Stephen Hawking's boycot of a major academic conference in Israel pales in comparison to the words and deeds of Heidegger and Chomsky. Yet, it reminds us that the smartest people do not always have the right answers.
I have two rules about people's positive actions. The first is that they are always more important than their intentions, whatever they may be. The second is the rule articulated by Maimonides nearly 800 years ago: embrace truth regardless of its source.
The anti-boycott law passed this week has sparked a storm of controversy both inside Israel and within Jewish communities abroad. The legislation effectively criminalizes Israelis who answer the Palestinian civil society call to join the BDS movement.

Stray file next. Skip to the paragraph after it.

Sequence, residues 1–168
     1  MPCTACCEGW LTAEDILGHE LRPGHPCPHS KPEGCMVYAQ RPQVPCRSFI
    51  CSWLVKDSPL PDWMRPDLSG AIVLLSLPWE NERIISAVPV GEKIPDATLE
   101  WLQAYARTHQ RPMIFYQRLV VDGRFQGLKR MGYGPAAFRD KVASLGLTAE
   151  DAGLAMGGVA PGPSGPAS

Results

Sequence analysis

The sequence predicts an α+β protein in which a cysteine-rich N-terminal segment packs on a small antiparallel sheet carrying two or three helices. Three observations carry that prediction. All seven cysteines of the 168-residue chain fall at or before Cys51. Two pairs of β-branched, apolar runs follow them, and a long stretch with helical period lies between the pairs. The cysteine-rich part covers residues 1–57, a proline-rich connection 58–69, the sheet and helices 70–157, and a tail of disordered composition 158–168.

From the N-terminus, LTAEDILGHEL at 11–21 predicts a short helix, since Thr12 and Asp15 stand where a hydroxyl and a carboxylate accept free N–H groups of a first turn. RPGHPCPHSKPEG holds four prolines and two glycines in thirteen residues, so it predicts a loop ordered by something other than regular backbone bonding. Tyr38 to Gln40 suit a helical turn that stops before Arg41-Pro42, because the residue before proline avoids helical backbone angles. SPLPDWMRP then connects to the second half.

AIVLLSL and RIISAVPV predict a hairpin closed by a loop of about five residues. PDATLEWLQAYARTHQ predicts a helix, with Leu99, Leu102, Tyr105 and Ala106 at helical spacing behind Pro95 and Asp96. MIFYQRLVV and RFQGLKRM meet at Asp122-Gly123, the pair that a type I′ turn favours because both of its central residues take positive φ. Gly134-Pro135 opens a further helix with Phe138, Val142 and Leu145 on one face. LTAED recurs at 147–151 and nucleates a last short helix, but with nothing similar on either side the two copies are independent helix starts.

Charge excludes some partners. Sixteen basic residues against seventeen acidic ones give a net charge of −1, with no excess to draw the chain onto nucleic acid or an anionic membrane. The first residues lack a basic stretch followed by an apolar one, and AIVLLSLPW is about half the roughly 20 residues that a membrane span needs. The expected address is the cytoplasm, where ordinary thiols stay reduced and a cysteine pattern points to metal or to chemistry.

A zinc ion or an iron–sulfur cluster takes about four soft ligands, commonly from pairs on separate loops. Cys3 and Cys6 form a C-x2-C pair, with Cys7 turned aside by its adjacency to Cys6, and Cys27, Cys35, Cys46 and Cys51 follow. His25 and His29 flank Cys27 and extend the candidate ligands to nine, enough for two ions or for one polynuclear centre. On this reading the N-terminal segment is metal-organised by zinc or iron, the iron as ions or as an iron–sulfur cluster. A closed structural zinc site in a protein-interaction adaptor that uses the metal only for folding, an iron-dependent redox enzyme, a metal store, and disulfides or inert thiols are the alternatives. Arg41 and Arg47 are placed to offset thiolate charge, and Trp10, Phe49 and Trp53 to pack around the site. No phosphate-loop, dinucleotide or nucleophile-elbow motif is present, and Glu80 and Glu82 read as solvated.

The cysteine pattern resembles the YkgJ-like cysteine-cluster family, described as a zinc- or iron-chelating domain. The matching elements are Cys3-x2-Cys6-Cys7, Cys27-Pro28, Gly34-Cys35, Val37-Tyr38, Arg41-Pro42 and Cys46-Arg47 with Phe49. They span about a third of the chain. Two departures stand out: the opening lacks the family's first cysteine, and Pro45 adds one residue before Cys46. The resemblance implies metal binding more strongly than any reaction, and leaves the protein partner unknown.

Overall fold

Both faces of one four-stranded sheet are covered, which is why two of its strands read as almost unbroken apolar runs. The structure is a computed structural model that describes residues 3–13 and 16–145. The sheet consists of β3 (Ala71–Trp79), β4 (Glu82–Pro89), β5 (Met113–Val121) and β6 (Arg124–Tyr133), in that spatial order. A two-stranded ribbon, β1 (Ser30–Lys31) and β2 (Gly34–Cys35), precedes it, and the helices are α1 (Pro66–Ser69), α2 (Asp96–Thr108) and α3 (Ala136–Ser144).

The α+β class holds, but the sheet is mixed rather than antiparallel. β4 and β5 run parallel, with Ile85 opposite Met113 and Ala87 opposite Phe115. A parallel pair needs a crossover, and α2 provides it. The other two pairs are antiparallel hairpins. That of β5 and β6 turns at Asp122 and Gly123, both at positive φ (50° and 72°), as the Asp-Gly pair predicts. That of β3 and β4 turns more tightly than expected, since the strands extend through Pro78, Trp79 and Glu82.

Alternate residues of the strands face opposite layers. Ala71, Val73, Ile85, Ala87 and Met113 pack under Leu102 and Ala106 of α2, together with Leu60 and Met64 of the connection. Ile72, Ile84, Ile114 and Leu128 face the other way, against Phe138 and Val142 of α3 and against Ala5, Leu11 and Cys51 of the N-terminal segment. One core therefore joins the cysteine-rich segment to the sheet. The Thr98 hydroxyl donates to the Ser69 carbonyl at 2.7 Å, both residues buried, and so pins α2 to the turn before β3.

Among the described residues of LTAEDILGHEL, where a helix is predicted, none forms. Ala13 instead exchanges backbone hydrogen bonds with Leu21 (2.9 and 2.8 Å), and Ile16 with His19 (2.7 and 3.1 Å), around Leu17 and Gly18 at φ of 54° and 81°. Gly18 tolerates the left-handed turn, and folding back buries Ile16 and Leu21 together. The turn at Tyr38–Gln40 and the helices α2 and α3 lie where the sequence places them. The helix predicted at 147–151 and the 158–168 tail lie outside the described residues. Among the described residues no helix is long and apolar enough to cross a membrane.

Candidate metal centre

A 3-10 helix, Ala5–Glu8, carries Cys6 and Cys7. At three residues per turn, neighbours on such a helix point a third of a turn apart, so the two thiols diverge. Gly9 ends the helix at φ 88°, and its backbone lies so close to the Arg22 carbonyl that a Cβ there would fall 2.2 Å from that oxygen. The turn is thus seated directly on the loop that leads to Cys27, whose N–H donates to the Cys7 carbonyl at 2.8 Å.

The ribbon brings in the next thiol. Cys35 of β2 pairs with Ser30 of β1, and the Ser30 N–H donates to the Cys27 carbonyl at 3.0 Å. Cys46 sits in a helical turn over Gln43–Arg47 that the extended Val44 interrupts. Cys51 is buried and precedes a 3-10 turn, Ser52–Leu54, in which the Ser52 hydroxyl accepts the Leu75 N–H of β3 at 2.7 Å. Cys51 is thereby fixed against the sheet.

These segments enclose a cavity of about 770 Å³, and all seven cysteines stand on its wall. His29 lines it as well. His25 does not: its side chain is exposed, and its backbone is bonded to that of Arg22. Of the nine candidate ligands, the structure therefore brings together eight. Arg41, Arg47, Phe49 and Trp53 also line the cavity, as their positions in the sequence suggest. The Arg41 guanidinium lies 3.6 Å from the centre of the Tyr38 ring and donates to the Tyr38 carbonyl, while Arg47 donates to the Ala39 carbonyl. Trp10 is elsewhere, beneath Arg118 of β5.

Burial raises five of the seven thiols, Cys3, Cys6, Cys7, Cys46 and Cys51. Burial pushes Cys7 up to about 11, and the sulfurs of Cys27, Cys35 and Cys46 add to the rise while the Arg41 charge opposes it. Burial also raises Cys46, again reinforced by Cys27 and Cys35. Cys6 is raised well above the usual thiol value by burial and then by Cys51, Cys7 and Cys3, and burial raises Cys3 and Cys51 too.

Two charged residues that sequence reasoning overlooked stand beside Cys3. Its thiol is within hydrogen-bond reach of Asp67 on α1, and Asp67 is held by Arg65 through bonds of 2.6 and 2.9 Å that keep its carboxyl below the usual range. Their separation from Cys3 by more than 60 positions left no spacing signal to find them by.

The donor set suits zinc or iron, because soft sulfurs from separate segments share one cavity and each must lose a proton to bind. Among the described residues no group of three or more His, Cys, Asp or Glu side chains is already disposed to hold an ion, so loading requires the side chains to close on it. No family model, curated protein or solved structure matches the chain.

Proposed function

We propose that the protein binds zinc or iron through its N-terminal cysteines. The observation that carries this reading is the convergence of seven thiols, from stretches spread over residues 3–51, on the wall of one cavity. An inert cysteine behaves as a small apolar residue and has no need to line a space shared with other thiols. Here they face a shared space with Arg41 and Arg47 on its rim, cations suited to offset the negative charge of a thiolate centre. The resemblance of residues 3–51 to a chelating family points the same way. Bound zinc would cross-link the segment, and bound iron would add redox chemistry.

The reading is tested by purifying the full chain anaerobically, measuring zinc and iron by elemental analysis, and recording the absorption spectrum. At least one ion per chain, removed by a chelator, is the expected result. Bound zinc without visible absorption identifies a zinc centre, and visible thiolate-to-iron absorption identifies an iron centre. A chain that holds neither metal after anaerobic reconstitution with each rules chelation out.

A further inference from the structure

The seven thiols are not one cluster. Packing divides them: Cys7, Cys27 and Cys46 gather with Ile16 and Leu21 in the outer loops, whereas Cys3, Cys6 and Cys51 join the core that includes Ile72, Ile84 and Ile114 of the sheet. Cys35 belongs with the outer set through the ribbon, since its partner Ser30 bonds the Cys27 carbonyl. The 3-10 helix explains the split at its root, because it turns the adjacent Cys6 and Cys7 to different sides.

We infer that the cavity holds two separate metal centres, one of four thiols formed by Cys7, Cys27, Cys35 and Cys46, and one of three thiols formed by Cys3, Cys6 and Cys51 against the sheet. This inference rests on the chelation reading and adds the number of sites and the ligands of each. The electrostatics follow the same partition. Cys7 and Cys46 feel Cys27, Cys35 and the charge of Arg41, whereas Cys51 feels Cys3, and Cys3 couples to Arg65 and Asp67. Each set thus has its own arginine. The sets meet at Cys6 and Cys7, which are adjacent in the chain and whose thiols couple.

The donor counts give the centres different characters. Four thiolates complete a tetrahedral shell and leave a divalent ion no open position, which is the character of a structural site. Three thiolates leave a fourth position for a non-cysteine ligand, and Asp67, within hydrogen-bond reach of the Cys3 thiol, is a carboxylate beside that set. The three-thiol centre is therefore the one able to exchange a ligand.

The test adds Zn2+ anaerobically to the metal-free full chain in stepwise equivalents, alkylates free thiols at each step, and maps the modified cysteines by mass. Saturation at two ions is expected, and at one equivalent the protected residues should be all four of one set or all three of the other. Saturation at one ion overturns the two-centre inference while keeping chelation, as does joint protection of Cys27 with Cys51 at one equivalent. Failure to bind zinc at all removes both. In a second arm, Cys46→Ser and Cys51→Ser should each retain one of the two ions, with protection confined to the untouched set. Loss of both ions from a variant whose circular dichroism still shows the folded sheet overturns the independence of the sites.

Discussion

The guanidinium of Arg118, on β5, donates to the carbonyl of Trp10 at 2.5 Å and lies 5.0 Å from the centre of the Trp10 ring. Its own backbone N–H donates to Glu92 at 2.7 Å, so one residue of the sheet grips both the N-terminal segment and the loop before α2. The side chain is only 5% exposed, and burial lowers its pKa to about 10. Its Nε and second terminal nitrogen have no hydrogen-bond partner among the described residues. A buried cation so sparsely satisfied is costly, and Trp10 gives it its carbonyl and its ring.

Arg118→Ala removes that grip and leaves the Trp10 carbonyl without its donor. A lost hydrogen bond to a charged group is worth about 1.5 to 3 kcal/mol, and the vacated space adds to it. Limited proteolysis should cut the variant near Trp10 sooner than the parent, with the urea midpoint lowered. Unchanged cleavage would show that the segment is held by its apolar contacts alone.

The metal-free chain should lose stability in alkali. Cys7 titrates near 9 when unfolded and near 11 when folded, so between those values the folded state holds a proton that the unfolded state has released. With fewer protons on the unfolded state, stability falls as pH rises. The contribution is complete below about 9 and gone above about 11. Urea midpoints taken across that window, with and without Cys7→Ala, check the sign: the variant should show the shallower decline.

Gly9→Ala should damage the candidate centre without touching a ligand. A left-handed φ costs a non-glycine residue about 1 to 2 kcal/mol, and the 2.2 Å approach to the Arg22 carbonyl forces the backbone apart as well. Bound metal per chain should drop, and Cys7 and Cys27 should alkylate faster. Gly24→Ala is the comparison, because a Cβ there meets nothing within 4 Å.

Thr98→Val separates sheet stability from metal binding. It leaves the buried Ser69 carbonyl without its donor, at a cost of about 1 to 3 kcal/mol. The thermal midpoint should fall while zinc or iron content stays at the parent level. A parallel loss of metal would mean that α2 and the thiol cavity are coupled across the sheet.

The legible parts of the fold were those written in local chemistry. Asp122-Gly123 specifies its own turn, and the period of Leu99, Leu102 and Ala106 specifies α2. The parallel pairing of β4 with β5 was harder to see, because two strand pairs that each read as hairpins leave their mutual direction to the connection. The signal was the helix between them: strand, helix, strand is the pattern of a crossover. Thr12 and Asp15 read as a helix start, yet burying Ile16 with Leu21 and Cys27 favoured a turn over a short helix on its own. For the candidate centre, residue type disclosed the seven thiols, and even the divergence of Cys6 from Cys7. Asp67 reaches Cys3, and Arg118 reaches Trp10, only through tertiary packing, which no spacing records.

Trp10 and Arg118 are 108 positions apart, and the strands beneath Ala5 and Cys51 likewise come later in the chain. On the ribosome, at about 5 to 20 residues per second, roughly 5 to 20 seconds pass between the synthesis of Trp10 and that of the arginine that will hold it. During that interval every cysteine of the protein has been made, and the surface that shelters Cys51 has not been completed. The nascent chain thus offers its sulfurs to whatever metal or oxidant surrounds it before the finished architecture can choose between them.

The absence of meaningful action from governments to hold Israel accountable to international law obliges citizens of conscious to take moral responsibility upon themselves, as done against apartheid South Africa.